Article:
Predicting bank distress in the UK with machine learning

Staff working papers set out research in progress by our staff, with the aim of encouraging comments and debate.
Published on 04 October 2019

Staff Working Paper No. 831

By Joel Suss and Henry Treitel

Using novel data and machine learning techniques, we develop an early warning system for bank distress. The main input variables come from confidential regulatory returns, and our measure of distress is derived from supervisory assessments of bank riskiness from 2006 through to 2012. We contribute to a nascent academic literature utilising new methodologies to anticipate negative firm outcomes, comparing and contrasting classic linear regression techniques with modern machine learning approaches that are able to capture complex non-linearities and interactions. We find the random forest algorithm significantly and substantively outperforms other models when utilising the AUC and Brier Score as performance metrics. We go on to vary the relative cost of false negatives (missing actual cases of distress) and false positives (wrongly predicting distress) for discrete decision thresholds, finding that the random forest again outperforms the other models. We also contribute to the literature examining drivers of bank distress, using state of the art machine learning interpretability techniques, and demonstrate the benefits of ensembling techniques in gaining additional performance benefits. Overall, this paper makes important contributions, not least of which is practical: bank supervisors can utilise our findings to anticipate firm weaknesses and take appropriate mitigating action ahead of time.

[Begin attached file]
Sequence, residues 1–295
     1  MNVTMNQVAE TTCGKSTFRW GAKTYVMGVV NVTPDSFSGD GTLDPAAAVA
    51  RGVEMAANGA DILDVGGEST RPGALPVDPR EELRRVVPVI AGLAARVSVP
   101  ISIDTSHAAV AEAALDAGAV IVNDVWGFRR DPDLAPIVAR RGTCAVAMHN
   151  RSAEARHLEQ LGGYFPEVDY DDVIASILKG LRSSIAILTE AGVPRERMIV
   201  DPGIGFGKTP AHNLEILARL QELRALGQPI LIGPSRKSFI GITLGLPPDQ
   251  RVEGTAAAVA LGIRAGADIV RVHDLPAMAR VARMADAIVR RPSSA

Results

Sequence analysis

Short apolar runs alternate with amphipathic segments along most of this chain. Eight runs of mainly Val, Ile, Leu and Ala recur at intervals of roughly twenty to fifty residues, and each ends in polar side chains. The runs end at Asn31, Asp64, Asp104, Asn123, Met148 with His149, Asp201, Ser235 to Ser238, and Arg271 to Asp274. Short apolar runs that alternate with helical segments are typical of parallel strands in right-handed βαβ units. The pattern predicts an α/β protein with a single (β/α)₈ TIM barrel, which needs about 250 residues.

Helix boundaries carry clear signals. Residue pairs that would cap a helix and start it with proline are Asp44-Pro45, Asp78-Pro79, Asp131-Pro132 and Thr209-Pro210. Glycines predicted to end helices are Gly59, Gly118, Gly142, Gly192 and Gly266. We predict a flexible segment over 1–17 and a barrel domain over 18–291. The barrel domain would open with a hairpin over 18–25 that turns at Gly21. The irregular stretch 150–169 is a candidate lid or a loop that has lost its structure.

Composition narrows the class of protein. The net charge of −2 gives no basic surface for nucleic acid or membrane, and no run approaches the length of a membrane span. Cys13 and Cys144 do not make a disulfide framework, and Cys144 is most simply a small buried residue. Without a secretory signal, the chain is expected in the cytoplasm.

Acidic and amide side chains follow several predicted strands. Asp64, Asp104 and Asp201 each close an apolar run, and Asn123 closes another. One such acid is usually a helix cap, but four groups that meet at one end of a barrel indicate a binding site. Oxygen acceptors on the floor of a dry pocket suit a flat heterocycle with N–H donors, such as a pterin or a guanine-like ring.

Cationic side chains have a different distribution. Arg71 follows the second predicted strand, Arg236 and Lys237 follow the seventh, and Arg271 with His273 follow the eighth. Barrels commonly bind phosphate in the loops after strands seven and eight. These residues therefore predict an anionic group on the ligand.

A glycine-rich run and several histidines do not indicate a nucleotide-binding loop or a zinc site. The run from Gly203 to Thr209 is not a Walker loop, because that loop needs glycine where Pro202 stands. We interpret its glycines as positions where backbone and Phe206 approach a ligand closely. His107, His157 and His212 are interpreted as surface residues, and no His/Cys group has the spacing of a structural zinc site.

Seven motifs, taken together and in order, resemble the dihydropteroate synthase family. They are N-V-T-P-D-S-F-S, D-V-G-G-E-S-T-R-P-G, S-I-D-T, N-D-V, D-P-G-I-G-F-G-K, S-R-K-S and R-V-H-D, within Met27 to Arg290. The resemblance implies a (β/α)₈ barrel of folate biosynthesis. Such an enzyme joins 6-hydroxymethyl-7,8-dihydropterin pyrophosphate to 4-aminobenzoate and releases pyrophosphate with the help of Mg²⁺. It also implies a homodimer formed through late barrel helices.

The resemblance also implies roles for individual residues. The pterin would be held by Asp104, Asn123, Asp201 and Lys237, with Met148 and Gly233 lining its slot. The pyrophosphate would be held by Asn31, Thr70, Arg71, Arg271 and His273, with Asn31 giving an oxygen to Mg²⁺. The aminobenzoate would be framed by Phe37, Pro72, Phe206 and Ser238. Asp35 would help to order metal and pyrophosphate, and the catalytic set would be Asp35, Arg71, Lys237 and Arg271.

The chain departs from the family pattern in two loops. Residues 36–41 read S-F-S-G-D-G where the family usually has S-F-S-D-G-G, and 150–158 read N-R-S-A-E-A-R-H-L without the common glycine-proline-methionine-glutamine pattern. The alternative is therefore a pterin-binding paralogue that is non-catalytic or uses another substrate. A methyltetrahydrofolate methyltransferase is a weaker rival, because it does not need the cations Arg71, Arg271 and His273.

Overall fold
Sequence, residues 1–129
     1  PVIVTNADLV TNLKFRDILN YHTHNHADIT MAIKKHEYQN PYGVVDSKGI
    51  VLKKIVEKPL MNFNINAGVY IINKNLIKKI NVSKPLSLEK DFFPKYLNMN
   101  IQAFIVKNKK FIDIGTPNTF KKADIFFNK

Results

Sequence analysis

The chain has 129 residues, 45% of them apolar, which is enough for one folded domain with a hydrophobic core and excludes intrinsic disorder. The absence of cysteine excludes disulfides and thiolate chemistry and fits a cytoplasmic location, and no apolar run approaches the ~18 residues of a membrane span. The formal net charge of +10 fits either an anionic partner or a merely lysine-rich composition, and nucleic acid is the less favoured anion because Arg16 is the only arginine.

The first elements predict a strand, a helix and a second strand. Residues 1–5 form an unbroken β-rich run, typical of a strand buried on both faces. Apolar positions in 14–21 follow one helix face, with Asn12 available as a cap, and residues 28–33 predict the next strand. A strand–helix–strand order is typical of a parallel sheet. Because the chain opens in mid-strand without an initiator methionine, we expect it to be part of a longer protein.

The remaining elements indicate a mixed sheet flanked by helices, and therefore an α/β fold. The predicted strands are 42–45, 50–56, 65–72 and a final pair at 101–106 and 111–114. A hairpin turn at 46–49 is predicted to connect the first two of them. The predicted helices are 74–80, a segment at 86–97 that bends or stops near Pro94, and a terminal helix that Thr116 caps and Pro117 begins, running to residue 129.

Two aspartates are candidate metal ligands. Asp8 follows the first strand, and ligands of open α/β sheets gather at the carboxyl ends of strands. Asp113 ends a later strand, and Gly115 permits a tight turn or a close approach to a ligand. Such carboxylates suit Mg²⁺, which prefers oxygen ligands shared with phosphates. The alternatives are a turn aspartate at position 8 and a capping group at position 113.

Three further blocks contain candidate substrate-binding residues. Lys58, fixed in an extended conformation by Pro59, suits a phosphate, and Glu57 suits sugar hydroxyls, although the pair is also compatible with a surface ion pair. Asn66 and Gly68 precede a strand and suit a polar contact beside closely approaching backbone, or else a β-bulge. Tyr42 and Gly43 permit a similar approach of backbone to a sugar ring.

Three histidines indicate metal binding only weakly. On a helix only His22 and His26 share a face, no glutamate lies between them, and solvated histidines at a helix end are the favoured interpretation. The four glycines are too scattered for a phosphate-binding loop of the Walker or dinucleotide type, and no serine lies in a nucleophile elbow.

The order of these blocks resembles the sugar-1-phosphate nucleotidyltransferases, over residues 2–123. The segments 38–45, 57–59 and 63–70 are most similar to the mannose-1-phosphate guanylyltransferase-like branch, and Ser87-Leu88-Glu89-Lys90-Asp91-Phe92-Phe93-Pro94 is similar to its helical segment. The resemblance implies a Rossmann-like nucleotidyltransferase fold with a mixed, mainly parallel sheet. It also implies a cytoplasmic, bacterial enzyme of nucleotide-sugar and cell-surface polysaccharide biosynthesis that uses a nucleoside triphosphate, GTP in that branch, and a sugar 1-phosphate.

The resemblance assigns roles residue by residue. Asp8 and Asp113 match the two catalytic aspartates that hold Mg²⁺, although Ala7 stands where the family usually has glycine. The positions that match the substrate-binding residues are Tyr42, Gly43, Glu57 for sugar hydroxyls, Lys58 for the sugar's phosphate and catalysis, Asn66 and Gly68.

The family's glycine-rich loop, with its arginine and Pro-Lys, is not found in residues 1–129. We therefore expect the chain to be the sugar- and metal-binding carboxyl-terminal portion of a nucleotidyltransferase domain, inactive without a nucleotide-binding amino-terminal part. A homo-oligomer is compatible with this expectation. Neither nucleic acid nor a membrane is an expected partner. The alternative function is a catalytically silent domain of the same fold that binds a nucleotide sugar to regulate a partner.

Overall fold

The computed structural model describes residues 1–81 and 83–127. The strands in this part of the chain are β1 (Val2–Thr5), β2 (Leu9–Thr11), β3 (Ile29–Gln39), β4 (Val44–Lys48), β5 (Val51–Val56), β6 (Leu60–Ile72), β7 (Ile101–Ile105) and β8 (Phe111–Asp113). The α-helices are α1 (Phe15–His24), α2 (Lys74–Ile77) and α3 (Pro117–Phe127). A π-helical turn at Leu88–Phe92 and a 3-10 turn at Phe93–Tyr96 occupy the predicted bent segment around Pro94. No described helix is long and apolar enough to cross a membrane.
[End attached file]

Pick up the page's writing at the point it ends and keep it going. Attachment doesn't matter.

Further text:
PDFPredicting bank distress in the UK with machine learning

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